1 Introduction to Macroeconomics
2 Measuring the Macroeconomy
3 An Overview of Long-Run Economic Growth
4 A Model of Production
5 The Solow Growth Model
6 Growth and Ideas
7 The Labor Market, Wages, and Unemployment
8 Inflation
9 An Overview of the Short-Run Model
10 The IS Curve
11 Monetary Policy and the Phillips Curve
12 Stabilization Policy and the AS/AD Framework
13 The Global Financial Crisis: Overview
14 The Global Financial Crisis and the Short-Run Model
15 The Government and the Macroeconomy
16 International Trade
17 Exchange Rates and International Finance
18 Parting Thoughts




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Chapter 13: The Global Financial Crisis: Overview

Chapter Summary

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Key Concepts

  1. The U.S. economy has suffered several major shocks in recent years. Initially these shocks included a large decline in house prices and a spike in the prices of oil and other commodities.

  2. The decline in house prices reduced the value of mortgage-backed securities. Because of leverage, this threatened the solvency of a number of financial institutions, including major investment banks. Risk premiums rose sharply on many kinds of lending, and the stock market lost about half its value.

  3. These shocks have combined to put the U.S. economy and many economies throughout the world into a financial crisis and a deep recession, likely the largest since the Great Depression.

  4. Balance sheets are an accounting device for summarizing the assets, liabilities, and net worth (or equity) of an institution, such as a bank, a household, or a government.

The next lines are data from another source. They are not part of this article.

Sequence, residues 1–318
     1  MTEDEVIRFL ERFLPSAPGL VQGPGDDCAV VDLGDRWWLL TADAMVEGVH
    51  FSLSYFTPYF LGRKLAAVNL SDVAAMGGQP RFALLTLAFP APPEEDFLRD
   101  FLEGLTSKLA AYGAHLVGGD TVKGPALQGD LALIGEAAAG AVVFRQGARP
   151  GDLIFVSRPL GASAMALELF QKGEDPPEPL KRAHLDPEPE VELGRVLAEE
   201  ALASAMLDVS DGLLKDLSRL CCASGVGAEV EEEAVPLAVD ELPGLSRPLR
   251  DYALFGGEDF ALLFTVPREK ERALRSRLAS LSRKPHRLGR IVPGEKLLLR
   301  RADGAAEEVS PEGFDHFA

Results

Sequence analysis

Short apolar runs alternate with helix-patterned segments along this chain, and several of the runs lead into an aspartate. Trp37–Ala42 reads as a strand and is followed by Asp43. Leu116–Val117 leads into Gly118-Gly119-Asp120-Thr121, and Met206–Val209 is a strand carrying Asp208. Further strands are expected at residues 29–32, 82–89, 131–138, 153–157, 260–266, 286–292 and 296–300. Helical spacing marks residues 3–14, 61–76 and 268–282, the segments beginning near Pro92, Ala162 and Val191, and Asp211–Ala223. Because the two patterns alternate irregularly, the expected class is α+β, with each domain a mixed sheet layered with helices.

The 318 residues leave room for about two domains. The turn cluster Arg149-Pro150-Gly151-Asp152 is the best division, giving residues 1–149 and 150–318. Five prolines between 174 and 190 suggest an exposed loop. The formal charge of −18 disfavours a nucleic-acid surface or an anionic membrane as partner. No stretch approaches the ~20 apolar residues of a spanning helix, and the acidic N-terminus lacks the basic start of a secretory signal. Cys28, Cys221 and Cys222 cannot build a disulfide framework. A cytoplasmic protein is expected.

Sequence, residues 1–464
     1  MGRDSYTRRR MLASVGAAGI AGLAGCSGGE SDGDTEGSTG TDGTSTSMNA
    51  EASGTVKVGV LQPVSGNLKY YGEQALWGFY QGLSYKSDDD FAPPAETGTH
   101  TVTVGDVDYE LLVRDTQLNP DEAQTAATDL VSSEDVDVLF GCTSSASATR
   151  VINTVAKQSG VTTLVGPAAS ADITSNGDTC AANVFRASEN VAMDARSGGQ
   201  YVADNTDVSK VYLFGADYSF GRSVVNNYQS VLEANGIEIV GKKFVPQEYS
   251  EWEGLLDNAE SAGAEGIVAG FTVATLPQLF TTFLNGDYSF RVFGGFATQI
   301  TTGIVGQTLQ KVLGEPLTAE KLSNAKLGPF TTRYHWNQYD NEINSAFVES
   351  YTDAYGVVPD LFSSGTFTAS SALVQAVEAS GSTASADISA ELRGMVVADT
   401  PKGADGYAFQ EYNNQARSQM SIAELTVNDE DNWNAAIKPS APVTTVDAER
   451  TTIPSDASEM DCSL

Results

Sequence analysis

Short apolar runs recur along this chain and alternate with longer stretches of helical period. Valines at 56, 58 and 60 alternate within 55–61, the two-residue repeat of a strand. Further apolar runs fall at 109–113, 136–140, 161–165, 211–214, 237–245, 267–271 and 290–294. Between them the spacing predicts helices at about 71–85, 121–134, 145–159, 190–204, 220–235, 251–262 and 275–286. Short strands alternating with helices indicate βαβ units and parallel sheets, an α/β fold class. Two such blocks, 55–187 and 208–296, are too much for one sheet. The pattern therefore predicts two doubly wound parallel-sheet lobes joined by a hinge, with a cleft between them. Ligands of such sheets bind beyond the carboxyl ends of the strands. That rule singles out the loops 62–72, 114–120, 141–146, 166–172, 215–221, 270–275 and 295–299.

5. Leverage is the ratio of liabilities to equity. Financial institutions are typically highly leveraged; for example, $10 of assets may be financed by $1 of equity and $9 of debt, a leverage ratio of 9 to 1. Major investment banks before the financial crisis were even more highly leveraged, on the order of 35 to 1.

  6. Leverage magnifies both returns and losses, so that a small percentage change in the value of assets or liabilities can be enough to entirely wipe out equity, causing an institution to become insolvent, or bankrupt.

  7. During the height of the financial crisis, the solvency of numerous financial institutions was called into question. Because financial firms are interlinked through a complex web of loans, insurance contracts, and securities, problems in a few financial institutions can create problems in many others, which is called systemic risk.

1. Introduction

  • The financial crisis that started in the summer of 2007 and intensified in September 2008 marked the end of an era for U.S. investment banking.
  • The National Bureau of Economic Research determined that a recession began in December 2007, and it is forecasted that this will be the worst recession since the Great Depression of the 1930s.